Jingyang Monastery Complex


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Jingyans (Chinese ex. 静安 寺, pinyin: Jìng'ānsì, literally: “Temple of Peace and Tranquility”) - a Buddhist temple-monastery complex in the Jing'an district in Shanghai, China (next to the Jingyangsi metro station of the same name).

The buildings

The year of foundation of the temple is considered 247 year BC. e. (era of the Three Kingdoms), it was built in the kingdom of U. Initially, it was located near the Suzhou River and transferred to its current place in 1216 during the Southern Song Dynasty.

During the Qing Dynasty in 1880, the temple was significantly rebuilt.

The buildings

The three main southern-style temples, each with its own courtyard, date from the time of the last reconstruction (1880):

  • Temple of Heavenly Kings
  • Temple of the Three Saints
  • Temple of Good Deeds
  • Precious Temple of the Great Victor, or Main Hall
  • East of the Main Hall - Guanyin Temple with a statue of a camphor tree goddess 6.2 meters high and weighing about 5 tons
  • Opposite is the Jade Buddha Temple with a 3.8-meter statue of a seated jade Buddha.
  • Rector's Chambers
  • Emperor Hongu’s bronze bell (Ming Dynasty) weighing 3.5 tons
  • Stone statues of Buddha of the period of the Southern and Northern Dynasties (420-589 AD)

Photo and description

Jingyans, or the Temple of Peace and Tranquility, is the center of Buddhism in Shanghai and is the oldest temple complex located in the Jing'an district. Jingyans was founded back in 247 AD, when the era of the Three Kingdoms reigned in ancient China. Initially, the temple was located on the banks of the Sujouhe River, and in 1216 it was moved to the city by order of the emperor, who belonged to the Southern Song Dynasty.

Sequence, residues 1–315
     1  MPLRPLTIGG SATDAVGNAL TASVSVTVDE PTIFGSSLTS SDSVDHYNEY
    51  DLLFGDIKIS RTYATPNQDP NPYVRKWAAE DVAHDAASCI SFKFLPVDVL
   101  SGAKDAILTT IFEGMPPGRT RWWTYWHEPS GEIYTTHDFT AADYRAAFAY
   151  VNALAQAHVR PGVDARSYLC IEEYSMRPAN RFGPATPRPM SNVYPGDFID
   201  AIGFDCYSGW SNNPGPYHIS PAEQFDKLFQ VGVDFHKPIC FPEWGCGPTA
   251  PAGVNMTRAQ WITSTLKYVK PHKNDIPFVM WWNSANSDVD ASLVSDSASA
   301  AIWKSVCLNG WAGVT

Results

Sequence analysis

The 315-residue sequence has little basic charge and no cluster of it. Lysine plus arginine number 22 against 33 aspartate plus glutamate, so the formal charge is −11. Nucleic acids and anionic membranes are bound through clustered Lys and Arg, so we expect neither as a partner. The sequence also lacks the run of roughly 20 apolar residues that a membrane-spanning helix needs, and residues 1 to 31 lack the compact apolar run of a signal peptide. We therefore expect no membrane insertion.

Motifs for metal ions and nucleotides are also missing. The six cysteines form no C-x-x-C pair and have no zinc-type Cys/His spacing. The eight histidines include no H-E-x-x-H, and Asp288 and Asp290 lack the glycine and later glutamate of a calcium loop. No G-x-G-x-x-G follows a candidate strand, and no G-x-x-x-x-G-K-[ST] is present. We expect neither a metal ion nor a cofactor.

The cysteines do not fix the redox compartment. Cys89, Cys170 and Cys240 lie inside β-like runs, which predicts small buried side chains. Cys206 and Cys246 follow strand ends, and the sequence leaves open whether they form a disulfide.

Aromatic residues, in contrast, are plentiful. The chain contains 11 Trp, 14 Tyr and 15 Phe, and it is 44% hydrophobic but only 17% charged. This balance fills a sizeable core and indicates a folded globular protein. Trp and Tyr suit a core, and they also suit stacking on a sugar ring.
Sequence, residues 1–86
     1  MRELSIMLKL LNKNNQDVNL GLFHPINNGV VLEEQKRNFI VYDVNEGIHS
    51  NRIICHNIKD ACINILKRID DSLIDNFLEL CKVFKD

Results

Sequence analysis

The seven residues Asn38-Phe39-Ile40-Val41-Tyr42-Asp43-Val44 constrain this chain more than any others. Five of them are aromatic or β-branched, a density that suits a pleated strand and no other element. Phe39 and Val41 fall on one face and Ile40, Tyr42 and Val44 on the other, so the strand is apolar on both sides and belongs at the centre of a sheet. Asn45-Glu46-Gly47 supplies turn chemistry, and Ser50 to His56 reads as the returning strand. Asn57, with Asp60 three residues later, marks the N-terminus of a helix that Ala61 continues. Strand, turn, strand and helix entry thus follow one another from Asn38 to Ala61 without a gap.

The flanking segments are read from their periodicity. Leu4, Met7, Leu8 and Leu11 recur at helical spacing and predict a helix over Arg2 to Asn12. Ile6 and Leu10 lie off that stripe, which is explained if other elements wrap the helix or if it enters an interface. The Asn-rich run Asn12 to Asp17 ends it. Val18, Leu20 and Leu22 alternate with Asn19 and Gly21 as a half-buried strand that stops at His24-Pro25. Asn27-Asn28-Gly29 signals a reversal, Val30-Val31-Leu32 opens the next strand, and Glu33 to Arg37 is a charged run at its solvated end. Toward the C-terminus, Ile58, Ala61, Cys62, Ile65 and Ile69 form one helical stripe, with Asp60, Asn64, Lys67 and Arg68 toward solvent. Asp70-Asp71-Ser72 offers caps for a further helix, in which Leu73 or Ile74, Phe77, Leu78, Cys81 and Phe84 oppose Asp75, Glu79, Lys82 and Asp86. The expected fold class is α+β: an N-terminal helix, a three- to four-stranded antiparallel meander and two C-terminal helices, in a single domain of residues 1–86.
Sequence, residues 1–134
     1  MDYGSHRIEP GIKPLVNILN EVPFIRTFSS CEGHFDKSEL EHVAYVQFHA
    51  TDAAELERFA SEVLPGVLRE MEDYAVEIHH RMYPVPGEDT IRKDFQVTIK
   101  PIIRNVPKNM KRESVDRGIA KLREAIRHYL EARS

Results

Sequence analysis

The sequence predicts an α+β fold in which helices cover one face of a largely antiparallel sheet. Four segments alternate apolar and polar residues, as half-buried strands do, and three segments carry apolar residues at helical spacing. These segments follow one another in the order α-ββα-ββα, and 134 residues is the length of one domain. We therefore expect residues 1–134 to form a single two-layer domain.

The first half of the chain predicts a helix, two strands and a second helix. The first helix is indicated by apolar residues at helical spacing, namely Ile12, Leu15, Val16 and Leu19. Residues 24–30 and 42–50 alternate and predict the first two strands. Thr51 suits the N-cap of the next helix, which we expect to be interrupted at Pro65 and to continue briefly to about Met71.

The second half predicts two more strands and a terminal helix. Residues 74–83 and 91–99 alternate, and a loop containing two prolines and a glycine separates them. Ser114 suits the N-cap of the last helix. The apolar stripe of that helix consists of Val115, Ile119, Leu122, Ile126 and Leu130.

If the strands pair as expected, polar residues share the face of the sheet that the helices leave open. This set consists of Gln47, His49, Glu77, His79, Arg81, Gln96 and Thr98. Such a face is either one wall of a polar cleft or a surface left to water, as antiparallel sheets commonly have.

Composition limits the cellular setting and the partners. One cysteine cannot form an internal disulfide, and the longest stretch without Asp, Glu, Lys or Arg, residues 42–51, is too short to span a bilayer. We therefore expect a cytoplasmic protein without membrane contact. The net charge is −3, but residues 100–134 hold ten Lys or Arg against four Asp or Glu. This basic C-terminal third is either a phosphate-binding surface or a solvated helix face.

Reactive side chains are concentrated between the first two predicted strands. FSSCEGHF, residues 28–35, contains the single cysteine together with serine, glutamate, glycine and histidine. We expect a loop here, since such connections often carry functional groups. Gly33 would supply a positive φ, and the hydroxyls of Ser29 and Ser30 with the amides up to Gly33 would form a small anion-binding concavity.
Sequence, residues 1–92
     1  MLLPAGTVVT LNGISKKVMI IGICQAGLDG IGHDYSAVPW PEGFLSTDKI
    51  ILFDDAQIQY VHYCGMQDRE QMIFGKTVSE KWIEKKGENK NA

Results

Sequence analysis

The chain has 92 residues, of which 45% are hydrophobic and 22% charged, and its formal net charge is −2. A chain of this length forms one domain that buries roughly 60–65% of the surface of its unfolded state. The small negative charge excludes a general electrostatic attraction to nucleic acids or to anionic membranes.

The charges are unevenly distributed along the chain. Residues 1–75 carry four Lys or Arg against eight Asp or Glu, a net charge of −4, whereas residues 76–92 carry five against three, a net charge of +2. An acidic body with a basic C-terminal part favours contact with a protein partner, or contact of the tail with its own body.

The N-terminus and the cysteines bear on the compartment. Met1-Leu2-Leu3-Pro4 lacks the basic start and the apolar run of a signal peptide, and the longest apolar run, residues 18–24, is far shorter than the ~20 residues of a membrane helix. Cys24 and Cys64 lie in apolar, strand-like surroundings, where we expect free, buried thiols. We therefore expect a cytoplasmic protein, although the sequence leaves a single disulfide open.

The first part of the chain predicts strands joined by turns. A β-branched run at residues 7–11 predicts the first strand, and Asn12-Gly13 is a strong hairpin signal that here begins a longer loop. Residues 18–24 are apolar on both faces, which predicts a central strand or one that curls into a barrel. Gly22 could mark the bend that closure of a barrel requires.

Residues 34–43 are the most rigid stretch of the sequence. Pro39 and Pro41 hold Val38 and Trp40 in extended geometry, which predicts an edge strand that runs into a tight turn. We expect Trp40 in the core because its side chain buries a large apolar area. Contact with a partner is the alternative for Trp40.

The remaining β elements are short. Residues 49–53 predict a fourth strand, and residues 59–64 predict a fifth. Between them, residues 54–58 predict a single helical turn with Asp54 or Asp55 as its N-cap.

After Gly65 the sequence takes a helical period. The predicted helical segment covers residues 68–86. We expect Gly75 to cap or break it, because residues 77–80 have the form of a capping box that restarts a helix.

During the reign of the Qing Dynasty, the buildings of the complex were subjected to significant reconstruction and new architectural elements appeared on the territory of the temple. However, the final restoration of Jingansa dates back to 2010 and is considered the most successful, since the masters managed not only to almost completely restore all the buildings, but also maintain the overall concept.

Currently, the center of the complex is considered to be three monasteries (Temple of Heavenly Kings, Temple of the Three Saints, Temple of Good Deeds), made in the classical Buddhist style. Near each of the temples is a small courtyard around which other attractions are scattered. Jingyansi is famous among tourists for its unique statue of the goddess Guanyin made of camphor wood, a bronze bell belonging to Emperor Hongu, the Jade Buddha monument, as well as numerous Buddha stelae made of stone.

Of great cultural value to Buddhists is the Main Hall, since it is here that the main ritual actions are carried out related to offerings to the deities. For tourists, the territory of the temple complex is open daily, however, when visiting Jingyansa, you must strictly follow the established rules.

Jin'an Temple in Shanghai (Shanghai Jing'an Temple)

Temple Address: 1686 Nanjing W Rd, JingAnSi, Jingan Qu, Shanghai Shi, China, 200,000